LEINSTER travel to the Montferrand region of eastern France on a hiding to nothing. It’s December and the temperatures are plummeting with even the icicles seeking shelter, or so it seems.
Few are giving the province a chance of victory. Eight years ago it was a similar story, with few outside of the camp daring to dream of what would be a first plundering on French soil.
The historical symmetry is not lost on Leo Cullen. Now Leinster’s captain – and a Heineken Cupwinning leader at that – the Newtownmountkennedy man can reflect on that momentous evening and a few words spring to mind.
He talks about passion, nerve, energy and of the psychological cloud that was lifted by what was a stirring performance.
It’s interesting that lining up that day at hooker for AS Montferrand, as they were then known, was a man who would go on to play a significant role in Cullen’s development.
Richard Cockerill, the current Leicester Tigers coach, had been brought in by the French team to add a bit of bite in a pack who included the pugnacious Alexandre Audebert and were led by the wonderful Olivier Magne. With the exception of Cullen, of the current vintage still involved in Leinster only Gordon D’Arcy, Shane Horgan and Brian O’Driscoll remain from that golden day.
Fond memories which offer the briefest of respite for the team as they prepare to face a side who went from under-achievers to the kings of France after knocking on the door for years.
Of course, Leinster coach Joe Schmidt played a key role in signing off his era as assistant coach by helping Les Jaunards lift their inaugural Bouclier de Brennus (French championship) after years acting as the bridesmaid, but Cullen admits the side they face this weekend will be an altogether different animal.
“The thing about going to play French teams, especially in France where they generally have such proud home records, is that they will throw the kitchen sink at you”, he reflected ahead of the Pool 2 showdown.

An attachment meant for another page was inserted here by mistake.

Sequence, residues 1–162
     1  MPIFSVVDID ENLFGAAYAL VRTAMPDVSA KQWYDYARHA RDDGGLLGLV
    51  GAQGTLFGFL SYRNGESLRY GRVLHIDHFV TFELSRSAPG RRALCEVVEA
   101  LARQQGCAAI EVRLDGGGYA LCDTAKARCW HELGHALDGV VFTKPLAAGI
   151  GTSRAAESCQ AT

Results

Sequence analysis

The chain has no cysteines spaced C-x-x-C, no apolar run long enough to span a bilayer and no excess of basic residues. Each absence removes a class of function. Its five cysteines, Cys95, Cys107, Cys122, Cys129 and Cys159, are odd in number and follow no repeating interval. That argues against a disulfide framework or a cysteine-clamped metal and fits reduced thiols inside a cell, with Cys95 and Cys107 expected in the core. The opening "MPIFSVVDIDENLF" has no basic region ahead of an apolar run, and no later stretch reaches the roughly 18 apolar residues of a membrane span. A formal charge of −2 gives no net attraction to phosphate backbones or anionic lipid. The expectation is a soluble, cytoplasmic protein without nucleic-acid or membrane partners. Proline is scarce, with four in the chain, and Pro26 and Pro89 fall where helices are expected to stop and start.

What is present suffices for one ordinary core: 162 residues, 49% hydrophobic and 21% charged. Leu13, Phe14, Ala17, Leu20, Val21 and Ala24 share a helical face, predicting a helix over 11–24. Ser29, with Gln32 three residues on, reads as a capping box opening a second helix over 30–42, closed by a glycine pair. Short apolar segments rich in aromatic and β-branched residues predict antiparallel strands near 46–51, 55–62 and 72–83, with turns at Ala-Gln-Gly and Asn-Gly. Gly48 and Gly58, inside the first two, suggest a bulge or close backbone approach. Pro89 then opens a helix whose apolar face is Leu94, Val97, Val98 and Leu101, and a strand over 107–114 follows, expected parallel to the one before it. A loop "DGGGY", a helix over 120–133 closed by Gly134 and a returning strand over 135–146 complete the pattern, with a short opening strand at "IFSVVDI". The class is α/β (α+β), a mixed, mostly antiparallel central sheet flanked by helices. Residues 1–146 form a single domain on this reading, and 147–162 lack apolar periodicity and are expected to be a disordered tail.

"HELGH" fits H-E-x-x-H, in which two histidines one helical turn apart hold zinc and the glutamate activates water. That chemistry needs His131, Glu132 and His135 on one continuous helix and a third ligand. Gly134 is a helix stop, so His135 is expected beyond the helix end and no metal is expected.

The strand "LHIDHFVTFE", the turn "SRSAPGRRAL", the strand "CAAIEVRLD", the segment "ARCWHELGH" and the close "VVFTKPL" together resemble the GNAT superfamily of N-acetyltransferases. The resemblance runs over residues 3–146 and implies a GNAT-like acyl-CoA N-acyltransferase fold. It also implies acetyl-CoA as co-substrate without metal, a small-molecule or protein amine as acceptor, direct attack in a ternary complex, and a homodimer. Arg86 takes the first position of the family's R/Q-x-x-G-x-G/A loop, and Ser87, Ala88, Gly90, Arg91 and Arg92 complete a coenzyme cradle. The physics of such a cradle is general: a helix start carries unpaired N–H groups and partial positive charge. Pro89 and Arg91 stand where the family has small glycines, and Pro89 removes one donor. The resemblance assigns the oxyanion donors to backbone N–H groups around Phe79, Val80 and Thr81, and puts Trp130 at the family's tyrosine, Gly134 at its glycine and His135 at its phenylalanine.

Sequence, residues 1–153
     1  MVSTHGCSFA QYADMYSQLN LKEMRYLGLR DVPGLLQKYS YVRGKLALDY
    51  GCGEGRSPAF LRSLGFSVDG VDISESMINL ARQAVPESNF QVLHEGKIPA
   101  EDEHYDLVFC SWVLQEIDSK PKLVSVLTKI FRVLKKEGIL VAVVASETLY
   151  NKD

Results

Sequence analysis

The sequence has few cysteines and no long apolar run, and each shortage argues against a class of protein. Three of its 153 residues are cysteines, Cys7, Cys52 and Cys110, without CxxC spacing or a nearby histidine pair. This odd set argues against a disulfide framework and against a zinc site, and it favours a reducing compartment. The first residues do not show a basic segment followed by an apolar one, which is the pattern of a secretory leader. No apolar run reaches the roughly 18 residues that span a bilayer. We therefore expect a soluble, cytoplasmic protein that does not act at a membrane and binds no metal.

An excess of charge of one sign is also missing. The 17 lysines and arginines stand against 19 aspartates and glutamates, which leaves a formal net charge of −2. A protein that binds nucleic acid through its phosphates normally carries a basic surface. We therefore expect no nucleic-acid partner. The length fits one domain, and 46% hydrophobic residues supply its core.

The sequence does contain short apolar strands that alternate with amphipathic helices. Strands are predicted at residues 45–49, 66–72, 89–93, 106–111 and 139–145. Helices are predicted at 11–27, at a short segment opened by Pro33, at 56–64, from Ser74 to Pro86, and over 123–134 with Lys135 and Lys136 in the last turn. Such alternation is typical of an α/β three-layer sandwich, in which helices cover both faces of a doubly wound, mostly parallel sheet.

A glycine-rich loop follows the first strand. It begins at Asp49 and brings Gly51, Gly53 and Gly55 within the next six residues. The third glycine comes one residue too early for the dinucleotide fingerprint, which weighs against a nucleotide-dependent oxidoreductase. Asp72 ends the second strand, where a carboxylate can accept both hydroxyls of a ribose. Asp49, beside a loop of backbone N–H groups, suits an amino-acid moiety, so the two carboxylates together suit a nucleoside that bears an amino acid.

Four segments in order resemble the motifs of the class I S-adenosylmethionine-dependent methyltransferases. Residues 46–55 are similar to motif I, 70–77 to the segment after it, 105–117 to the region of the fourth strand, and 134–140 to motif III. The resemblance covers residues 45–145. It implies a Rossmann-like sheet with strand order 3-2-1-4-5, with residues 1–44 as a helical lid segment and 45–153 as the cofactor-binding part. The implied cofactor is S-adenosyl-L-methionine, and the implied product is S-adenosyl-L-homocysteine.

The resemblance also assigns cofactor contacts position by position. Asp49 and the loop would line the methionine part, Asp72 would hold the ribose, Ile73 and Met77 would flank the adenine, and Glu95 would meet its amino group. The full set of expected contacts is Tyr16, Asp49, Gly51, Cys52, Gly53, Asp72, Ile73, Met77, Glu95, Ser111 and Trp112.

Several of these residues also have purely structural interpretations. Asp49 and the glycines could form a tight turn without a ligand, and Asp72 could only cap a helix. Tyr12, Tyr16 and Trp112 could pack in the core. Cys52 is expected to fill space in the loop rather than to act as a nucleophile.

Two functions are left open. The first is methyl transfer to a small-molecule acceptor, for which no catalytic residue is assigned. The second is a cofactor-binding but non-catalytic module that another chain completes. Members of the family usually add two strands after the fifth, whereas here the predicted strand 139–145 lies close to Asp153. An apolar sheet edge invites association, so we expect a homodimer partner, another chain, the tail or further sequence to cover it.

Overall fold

“And they will do real damage if you stand by and allow them to dictate play. So that’s the first test you face. “If you can hold your nerve in the opening spell and assert yourself early on then you can be successful.”
If not, Cullen stresses, the consequences can be damaging. In Leinster colours he has a 100pc record against AS Clermont Auvergne, as they’re known nowadays.
And for Leicester Tigers, where he enjoyed a successful two-year spell in his late 20s, he started in one win in the 2005/06 season inWelford Road while benching in the return fixture in the Stade Marcel Michelin, both of which were also won by his side.
It’s a positive winning record that few can share. Though mindful of the impending challenge for the visitors Cullen admits to be excited by the prospect of returning to a “magnificent stadium”, as he refers.
“The whole city is rugby mad and the stadium is the focal point of the city,” says Cullen. “You really get a sense that the club is a hugely important part of people’s everyday lives there and the passion that comes fromthe stands is something else.
“When we won that day over there (23-20) it was a big win for us. But it was so tight and the following week there was only a kick of a ball between the two teams when we won back in Donnybrook (12-9).
“So even then there wasn’t any sign of complacency. “Even though we defeated them in the Heineken Cup quarter final last year in the RDS, the game could have gone either way again.
“They came with the intention of playing that night and it shows there are fine margins whenever good sides face each other. Thankfully we came out on the right side of the result.”
The French champions, Cullen says, are an even better side now than the one who were edged 29-28 a little over eight months ago.
“You only have to look at their victory over Toulouse at the weekend,” he adds. “They went behind early but composed themselves and scored some excellent tries.
“I was impressed by their performances against Leicester and the Ospreys last year and their home record is second to none.
“Since winning the French title, they seem to have gone up a notch and with their budget and financial backing, they’re a serious prospect.
“They have a big forward pack with big ball carriers and great strength in depth. And in the likes of (Morgan) Parra and Brock James they have players who can kick points from anywhere on the pitch.
“So we know that any mistakes will be punished. “As a player, you want to be tested against the best teams in Europe and whenever these Heineken Cup fortnights come around there’s a special buzz because it’s not often that you play against French or English teams and it brings a fresh challenge.
“We know that we can create chances if we work hard, even though we are without a few players.
“You have to try and impose yourself and not sit back and invite pressure.”
The battle lines have been drawn. And Cullen and his charges need only look back for inspiration as they move forward.